Graptolites of Abereiddy Bay
Dr Neale Monks (UK)
Graptolites are curious fossils that are common in Lower Palaeozoic rocks where other types of fossils are lacking. The word ‘graptolite’ comes from Greek words that mean ‘writing’ (graptos) and ‘stone’ (lithos), and refer to the fact that graptolite fossils look like pencil marks on stone, partly because they’re flat and partly because of the iridescence of many specimens when freshly exposed. It is generally assumed graptolites were planktonic organisms that occupied an ecological niche like that of modern jellyfish, drifting about the oceans feeding on algae or tiny animals harvested using some sort of filter-feeding mechanism.
The impetus for this article was a quick but successful trip to Abereiddy in Pembrokeshire, Wales, about 2.5km from Britain’s smallest city, St Davids (population: 1,800). I had been to Abereiddy many years before on a geological field trip with Andy Gale, who is currently professor of geology at the University of Portsmouth, but I did not have any clear memory of where the fossils were to be found. But, as it happened, this locality is one of those where the fossils are abundant and easily collected – provided you look at the right sorts of rocks.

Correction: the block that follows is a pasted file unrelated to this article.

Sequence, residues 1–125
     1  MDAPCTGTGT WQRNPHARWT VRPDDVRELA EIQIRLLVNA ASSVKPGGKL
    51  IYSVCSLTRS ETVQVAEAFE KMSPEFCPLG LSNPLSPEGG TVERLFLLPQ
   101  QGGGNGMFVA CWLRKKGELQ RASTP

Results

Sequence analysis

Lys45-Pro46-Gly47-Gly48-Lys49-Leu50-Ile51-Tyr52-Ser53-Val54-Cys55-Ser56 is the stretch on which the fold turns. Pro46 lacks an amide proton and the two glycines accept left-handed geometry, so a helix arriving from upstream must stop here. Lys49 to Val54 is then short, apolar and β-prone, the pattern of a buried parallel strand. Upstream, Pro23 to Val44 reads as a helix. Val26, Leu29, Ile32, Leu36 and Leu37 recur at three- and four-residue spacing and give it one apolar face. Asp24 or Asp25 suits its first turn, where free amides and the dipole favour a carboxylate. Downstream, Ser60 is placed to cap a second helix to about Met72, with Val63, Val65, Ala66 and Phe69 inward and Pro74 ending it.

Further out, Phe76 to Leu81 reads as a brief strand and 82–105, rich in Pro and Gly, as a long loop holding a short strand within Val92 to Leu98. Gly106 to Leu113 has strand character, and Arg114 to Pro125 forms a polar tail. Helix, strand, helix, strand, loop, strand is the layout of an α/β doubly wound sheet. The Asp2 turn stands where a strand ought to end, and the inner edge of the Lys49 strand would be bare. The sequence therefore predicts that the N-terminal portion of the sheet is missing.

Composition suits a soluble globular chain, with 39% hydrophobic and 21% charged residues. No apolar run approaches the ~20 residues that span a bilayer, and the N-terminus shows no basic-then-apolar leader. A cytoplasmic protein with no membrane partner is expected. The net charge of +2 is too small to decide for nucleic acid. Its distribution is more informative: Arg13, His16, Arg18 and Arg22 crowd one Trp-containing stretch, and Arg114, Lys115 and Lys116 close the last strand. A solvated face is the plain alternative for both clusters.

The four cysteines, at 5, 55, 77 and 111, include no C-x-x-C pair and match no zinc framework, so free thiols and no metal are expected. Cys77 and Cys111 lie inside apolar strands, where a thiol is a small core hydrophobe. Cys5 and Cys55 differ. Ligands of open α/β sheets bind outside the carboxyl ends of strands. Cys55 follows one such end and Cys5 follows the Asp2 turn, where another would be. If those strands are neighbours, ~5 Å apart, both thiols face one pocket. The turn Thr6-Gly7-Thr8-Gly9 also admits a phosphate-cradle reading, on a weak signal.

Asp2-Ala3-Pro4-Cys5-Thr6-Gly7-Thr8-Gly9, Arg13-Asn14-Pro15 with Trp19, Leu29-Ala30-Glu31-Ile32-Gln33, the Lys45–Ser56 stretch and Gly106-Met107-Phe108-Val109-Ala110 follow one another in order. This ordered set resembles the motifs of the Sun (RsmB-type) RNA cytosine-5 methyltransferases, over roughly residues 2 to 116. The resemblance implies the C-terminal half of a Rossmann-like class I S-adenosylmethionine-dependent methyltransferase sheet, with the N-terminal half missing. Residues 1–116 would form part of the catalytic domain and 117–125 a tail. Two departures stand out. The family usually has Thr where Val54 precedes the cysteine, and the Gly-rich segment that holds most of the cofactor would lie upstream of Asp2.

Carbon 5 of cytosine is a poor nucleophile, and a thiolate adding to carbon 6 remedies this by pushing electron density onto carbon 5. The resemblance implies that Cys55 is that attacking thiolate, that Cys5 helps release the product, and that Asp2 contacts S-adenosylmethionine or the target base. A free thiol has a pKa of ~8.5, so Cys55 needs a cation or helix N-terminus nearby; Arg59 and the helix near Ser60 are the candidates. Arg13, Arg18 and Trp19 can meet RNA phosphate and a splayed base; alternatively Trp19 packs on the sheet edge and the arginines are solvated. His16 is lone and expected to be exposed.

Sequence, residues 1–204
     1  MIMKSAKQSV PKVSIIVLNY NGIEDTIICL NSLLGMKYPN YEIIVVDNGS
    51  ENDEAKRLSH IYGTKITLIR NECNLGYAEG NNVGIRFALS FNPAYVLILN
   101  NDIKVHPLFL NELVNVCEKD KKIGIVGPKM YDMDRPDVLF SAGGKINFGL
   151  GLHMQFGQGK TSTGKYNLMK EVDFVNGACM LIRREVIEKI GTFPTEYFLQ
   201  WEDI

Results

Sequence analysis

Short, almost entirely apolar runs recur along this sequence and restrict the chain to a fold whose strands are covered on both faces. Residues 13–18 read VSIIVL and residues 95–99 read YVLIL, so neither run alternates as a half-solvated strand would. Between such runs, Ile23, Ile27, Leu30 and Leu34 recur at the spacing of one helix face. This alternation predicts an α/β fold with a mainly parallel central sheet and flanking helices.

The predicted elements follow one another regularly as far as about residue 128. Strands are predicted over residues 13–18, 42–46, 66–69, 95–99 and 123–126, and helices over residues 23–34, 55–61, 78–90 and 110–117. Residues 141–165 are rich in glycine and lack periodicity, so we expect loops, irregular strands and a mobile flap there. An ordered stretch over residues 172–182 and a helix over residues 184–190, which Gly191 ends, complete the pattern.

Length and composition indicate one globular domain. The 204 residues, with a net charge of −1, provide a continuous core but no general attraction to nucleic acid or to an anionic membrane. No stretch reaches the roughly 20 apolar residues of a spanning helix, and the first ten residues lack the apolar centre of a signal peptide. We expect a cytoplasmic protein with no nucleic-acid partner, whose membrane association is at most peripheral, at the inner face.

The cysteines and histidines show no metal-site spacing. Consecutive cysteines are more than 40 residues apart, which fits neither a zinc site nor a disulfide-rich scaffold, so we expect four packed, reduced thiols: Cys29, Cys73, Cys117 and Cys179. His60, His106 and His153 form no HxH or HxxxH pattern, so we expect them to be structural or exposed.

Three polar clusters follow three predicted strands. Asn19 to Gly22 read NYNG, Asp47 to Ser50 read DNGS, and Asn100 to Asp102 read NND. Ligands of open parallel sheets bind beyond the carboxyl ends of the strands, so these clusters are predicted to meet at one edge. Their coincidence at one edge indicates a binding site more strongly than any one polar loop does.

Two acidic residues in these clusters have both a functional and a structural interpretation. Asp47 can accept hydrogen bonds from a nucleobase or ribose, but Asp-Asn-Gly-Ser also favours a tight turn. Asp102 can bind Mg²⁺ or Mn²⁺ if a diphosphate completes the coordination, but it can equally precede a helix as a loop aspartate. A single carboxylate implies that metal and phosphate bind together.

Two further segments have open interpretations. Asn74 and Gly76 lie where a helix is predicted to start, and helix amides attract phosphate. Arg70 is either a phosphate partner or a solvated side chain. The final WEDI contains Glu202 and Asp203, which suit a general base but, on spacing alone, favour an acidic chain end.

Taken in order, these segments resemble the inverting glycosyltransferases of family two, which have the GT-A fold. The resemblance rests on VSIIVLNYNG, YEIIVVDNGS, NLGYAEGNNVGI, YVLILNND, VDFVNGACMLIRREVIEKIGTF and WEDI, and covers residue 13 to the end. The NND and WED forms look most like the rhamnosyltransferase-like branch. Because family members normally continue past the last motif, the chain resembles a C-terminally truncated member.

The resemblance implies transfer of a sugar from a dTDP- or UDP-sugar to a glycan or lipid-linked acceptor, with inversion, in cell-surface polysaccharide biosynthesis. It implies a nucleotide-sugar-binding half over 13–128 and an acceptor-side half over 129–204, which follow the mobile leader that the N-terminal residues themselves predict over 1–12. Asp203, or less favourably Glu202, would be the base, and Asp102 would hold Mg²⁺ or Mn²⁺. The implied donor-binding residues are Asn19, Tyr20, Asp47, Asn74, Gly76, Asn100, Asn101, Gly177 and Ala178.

Collecting at Abereiddy Bay
Abereiddy is a tiny place, but the bay has become a popular tourist attraction because of a flooded quarry known as the Blue Lagoon. Quarrying for slate ended in 1901 and the sea eventually broke through to the quarry, creating what is, in effect, a small natural harbour. In fact, for a while, fishermen used the quarry for precisely that purpose, but nowadays, the quarry is maintained purely for recreation, with a nice little beach at one end and diving points at the other. Compared to the strong currents that hit Abereiddy Bay, the water within the Blue Lagoon is very calm, which adds to its popularity with families.
The land is owned by the National Trust and is part of the Pembrokeshire Coast National Park. It is a site of special scientific interest (SSSI), so hammering the bedrock (including the cliffs) is not allowed, but it is not really necessary. The rocks in the cliffs on either side of the bay are mostly volcanic and metamorphic, which is of course what attracted the quarrymen looking for slate. However, fossil collectors will want to find the Ordovician shales wedged in between the cliffs, and chunks of shale regularly get worked out of the cliffs and onto the beach. Therefore, all they need to do is walk down to the beach and look over the soft, flaky shales found there, using a hammer only when larger pieces need to be split.